BrewBlox and mashing

Is BrewBlox in a current state of development that it is ready for mashing (I have a simple kettle and BIAB with 1 temp thermowell and 1 heating element) or should I stick with brewpi software?

Yep! There’s no process steps or hop drop alerts etc yet. But it works very well as a PID for it. This is how my boil kettle is set up now. There’s no wizard for creating a kettle arrangement yet but it’s relatively simple.

  • Create a DS2413 Actuator that drives the relevant output on your relay control board for your element.
  • Create a Sensor/Setpoint pair and link it to your temp sensor. This allows you to set the target temp.
  • Create a Pulse Width Modulator and link it to your DS2413 Actuator. This will allow the output to the relay to be varied. Apply the heating element preset.
  • Create a PID. This does the same job as the PID bit in the old BrewPi software. It should take the setpoint pair as the input and set the Pulse Width Modulator as its output. Apply the Kettle Element preset. You may need to tune the PID.

If you want to automate stepped mashes using profiles, create a setpoint profile to drive your setpoint pair. If you want to view the graphs of your data, create a graph widget.

That’s really helpful - thanks for that. As soon as i manage to get BrewBlox installed i shall have a go.

If you want a more advanced setup like HERMS, you can can create an offset actuator with the mash setpoint as reference and the HLT setpoint as target.

A mash PID can then drive this actuator, with the result that your HLT setpoint is dynamic. The PID will drive it based on the temperature error in your mash tun.

Another thing you can do is balancing/mutexing your heaters. Many brewers only have enough power for one element at a time. BrewBlox has some fancy features to help to work around this:

  • To prevent the 2 heaters to be active at the same time, create a Mutex block (short for mutually exclusive). In each of the heater output pins, add the mutex as constraint. If one heater is ON, it will now block the other one from turning on.
  • Now for equal sharing, create a balancer block. On both of the PWM blocks driving the heaters, add the balancer as constraint. The balancer will ensure that both PWM settings add up to 100% max and will divide proportionally.

The PWM cycles can overlap, so your heaters can run on 50% each, 30%/70%, 40%/60% or anything under 100% if they don’t request more. This is great for when you want to keep one kettle at constant temperature, which only requires 10% and at the same time want to quickly heat up your other kettle at 90% power.

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Is there a way to set the setpoint profile to keep mash temperatures for some time and then move to another?
like this:
step 1:
reach temperature XX
step two:
keep temperature XX for 60 mins
step three:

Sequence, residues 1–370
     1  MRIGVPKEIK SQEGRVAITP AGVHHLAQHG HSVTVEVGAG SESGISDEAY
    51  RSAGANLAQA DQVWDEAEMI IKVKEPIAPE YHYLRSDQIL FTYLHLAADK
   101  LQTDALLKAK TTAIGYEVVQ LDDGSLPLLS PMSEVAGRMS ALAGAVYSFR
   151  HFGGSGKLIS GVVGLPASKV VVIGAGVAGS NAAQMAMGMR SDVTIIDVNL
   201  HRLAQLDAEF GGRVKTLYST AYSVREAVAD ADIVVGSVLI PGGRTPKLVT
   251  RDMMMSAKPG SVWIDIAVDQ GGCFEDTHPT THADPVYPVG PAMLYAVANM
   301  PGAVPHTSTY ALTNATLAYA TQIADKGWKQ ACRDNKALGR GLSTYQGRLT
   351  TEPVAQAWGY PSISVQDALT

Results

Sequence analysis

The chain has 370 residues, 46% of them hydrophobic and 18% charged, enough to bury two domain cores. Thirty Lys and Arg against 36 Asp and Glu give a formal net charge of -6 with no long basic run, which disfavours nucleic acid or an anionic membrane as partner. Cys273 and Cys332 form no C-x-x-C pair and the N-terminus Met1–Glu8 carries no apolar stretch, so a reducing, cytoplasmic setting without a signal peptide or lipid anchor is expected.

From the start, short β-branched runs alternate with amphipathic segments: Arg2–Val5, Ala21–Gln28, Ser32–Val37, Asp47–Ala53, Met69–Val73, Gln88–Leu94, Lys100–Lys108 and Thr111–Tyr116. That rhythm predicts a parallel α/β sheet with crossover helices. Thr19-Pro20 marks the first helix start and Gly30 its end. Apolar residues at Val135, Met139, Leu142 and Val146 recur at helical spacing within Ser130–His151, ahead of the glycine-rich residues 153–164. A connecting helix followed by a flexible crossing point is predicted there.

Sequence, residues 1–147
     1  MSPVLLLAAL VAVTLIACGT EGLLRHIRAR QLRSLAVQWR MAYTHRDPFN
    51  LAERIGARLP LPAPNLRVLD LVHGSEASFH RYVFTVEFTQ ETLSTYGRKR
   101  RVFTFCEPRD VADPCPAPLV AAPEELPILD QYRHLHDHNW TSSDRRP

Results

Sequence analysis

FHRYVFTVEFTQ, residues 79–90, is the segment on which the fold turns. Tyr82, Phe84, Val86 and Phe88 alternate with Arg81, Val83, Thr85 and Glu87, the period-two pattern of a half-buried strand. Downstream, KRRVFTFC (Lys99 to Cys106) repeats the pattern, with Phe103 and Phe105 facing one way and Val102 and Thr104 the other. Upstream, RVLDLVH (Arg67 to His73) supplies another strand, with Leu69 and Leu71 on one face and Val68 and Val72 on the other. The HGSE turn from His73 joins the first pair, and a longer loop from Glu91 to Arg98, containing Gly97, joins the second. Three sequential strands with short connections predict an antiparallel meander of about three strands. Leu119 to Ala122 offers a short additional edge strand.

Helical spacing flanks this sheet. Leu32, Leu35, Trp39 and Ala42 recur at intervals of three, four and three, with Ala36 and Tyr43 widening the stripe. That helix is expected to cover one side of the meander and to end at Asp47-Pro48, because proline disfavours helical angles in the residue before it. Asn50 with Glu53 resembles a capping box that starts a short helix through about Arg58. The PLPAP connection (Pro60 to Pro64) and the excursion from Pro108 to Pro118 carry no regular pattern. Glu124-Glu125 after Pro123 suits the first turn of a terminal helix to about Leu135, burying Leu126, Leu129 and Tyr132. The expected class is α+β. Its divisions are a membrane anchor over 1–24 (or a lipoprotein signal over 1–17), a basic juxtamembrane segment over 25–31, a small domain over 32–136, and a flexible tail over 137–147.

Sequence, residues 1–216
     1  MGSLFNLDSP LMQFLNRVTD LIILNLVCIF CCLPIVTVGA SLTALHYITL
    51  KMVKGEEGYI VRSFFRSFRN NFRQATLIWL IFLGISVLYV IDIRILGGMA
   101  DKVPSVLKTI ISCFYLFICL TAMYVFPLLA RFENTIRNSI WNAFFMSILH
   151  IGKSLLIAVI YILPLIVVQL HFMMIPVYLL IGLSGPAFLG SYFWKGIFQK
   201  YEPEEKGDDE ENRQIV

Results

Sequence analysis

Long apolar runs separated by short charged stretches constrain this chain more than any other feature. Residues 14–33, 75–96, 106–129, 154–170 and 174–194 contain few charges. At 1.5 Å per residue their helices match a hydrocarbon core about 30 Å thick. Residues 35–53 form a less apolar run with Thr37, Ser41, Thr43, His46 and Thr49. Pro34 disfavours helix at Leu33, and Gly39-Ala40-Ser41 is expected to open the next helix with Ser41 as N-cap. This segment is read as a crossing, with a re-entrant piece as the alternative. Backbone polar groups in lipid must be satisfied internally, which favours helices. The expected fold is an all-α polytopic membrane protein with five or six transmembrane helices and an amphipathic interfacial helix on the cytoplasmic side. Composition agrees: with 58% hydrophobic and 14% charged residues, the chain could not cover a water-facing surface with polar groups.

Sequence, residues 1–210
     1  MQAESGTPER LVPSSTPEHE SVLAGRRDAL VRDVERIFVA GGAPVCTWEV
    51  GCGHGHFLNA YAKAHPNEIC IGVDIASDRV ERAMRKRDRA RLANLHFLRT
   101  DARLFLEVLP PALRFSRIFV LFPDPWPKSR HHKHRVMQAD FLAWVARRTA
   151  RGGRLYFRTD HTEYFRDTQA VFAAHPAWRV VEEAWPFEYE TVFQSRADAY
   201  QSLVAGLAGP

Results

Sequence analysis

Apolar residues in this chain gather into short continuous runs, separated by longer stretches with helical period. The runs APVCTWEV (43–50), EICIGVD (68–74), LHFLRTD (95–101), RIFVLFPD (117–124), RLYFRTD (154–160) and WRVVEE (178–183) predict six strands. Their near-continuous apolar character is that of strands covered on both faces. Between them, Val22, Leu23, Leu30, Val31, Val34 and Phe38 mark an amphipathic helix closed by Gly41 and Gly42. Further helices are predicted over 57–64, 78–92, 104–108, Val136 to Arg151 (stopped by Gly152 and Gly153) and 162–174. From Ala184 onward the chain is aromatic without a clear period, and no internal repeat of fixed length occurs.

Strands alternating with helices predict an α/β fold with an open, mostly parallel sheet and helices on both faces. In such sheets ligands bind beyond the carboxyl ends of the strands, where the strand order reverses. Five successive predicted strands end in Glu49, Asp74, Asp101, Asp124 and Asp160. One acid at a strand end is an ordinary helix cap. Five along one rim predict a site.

reach temp XY

Will this be added soon? Otherwise it is useless for automation…

Starting the timer when a temperature has been reached has not been implemented yet.
The profile is running on absolute time, not relative at the moment.

I’ll create an issue for it.


HI @Elco,

I’m migrating from a CraftbeerPI powered 2-kettle K-RIMS to BrewBlox with Spark and was wondering if there has been any progress on this? I’m brewing a lot of Weizen beers with complex maisch schemas and this would really really help a lot (one of the features I liked most of CraftbeerPI)

Temperature control for mashing works very well in BrewBlox now (with a dynamic HLT setpoint or RIMS tube output target), but we don’t have conditional start times in the temperature profile yet.

We are working on a more generic step manager which can have many different transition conditions and apply multiple types of changes. Not only temperature, but also opening valves, starting pumps, etc.

When I brew a weizen myself, I use the Hermann method. This involves mashing half of the grains at 62 and 70 (to create maltose), cooling it down to 45, then adding the second part of the grain to convert the maltose to glucose with maltase, then back to 62 and 70 again.

Because I need to add grains or check for conversion, I just set the mash temp manually instead of automatically transitioning. I don’t feel the need for automatic temperature steps for this actually.

That said, we are working on a system-wide automation tool, but as this is a huge feature it will take a few months before it is ready.


Will the pi have enough horsepower and reliability to handle the full automation? I’m really excited.

The processing power required is negligble next to the InfluxDB service.

Reliability is a concern, but not a new one. The main weaknesses are Wifi (especially when in sheds or basements commonly used for brewing), and the Pi SD card.

So far, we’re pretty happy with the overall cost/quality balance of the Pi, but we also made sure to support the AMD64 processor architecture. If people want to invest in their hardware in order to boost reliability, they can do so.

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I have a similar setup to what is described in this post:

  • Single vessel BIAB (mashing and boiling)
  • One 5500W element in the base of the pot
  • A temperature sensor mounted in the base of the pot
  • Manually controlled recirculating pump (not attached to BrewPi)
  • A temperature sensor at inlet on lid

What is the easiest way to set this up? The ‘RIMS BIAB’ in the ‘Wizardry’ is a more complex setup. Do I use this as a starting point?

Create a few mock sensors (service page, double click on page background), and run the HERMS wizard, then strip out everything not related to the BK. Use the mock temp sensors to satisfy the wizard when it asks for MT/HLT sensors. Use either of your real sensors as BK sensor.

You may need to tune settings a bit, but that should provide a decent starting point.

Awesome. Thanks will try that.